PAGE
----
With confidence and swagger, Machado rising to occasion

As he sauntered off the mound, having just struck out a $300 million hitter to strand the bases loaded and preserve a two-run lead for his team, Andrés Machado looked every bit the part of an established, high leverage, big league reliever. He did not look anything like a guy who had been designated for assignment by the Nationals twice in the last year.

How far Machado has come in a short amount of time, having survived a roller coaster of a season to emerge now as one of the Nats’ most trusted arms to get big outs late in games. And none was as big as the one he got Friday night during an 8-7 victory over the Phillies.

Summoned out of the bullpen with two on, one out and the middle of the order coming up in the top of the seventh, Machado proceeded to strike out Nick Castellanos before walking Bryson Stott to load the bases and bring Trea Turner to the plate.

Turner may be having a hugely disappointing debut season in Philadelphia after signing a monster contract, but the former Nationals star is still capable of changing a game with one swing. So when Machado got ahead in the count 1-2 and then got Turner to whiff at a slider, he reacted the only way he knew how: Walking off the mound like a guy who believes he’s the best.

“I was getting ready for the moment,” he said. “I’ve been pitching in that kind of situation, and I just prepared myself for that situation. I tried to do my best, and I saved that run.”

This has become the norm out of the blue for Machado, whom the Nationals dropped from their 40-man roster twice already this year: During the offseason when they needed to clear a spot for outfielder Corey Dickerson, then again in June when his ERA stood at 8.47.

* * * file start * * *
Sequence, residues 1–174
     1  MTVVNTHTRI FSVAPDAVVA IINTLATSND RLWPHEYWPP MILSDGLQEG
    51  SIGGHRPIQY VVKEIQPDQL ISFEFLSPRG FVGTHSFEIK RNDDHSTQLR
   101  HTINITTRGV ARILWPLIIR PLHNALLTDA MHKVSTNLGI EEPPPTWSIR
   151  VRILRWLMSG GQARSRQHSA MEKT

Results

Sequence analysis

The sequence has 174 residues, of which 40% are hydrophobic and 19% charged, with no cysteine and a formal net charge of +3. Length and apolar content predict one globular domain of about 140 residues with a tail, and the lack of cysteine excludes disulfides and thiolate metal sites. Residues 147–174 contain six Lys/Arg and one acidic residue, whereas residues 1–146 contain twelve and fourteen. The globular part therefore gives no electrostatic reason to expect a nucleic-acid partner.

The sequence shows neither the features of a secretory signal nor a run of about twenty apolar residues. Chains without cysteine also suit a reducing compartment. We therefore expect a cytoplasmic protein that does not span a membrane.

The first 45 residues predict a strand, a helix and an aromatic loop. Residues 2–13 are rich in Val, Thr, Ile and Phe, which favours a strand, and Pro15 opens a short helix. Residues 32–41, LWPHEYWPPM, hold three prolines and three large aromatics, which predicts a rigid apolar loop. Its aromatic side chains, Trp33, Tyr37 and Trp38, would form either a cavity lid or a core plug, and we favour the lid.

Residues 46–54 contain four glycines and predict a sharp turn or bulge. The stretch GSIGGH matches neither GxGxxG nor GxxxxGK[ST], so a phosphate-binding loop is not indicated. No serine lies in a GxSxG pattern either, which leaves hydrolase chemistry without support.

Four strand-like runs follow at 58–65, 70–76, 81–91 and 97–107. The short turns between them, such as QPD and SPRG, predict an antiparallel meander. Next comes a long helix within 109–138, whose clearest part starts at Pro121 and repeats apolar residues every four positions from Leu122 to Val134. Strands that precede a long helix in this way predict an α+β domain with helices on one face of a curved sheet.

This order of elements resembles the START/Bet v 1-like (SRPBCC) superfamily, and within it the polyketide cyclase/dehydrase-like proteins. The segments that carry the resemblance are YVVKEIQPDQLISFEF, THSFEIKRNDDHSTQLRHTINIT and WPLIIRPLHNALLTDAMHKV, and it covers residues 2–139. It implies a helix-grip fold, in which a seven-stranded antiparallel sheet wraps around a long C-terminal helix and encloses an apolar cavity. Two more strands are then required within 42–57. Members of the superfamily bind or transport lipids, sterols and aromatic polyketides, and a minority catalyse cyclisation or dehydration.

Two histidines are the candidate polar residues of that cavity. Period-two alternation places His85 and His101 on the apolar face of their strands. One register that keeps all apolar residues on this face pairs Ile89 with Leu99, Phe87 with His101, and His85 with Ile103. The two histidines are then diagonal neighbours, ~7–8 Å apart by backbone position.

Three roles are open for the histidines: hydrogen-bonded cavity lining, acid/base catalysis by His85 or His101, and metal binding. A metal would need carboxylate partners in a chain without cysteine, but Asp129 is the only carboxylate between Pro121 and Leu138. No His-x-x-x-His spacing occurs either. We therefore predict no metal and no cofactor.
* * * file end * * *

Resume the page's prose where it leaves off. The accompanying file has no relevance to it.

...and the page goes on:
That feels like eons ago now. Since clearing waivers, reporting to Triple-A Rochester and ultimately earning a promotion back to D.C. in late July, Machado has made 13 appearances and allowed three total runs. He has 15 strikeouts and only three walks. And he has made a habit out of recording big outs in big spots, thanks in large part to a sharp-tailing two-seam fastball that has become unhittable.

“He’s just being ultra-aggressive,” manager Davey Martinez said. “Using his fastball. Really focusing on not making mistakes. … His fastball’s electric. We’ve told him every time he’s been with us: ‘You’ve got to use it more. You put yourself in bad situations because you throw sliders, you throw changeups. The key is to get ahead and stay ahead. And when you do that, your stuff plays.’”

Confidence in the fastball has helped Machado have confidence in himself. He’s learning not to let the pressure of a big showdown get the best of him.

“I enjoy the moment, so I control myself,” he said. “I control the adrenaline that I can have in that moment and just think: 'Get the out and get out of the situation.'”

And when it all comes together in a big spot like it did Friday night, who can blame Machado for sauntering off the mound with the swagger of a far more accomplished reliever?

“I mean, he’s totally fearless,” closer Kyle Finnegan said. “Biggest situation, runners on base, one out, and he comes in and attacks the zone with his best stuff. He’s getting huge strikeouts and just walks off the field like it’s nothing. He’s been a lot of fun to watch. He’s a bulldog, totally fearless out there. And I think we all build off that momentum when he does something like that.”

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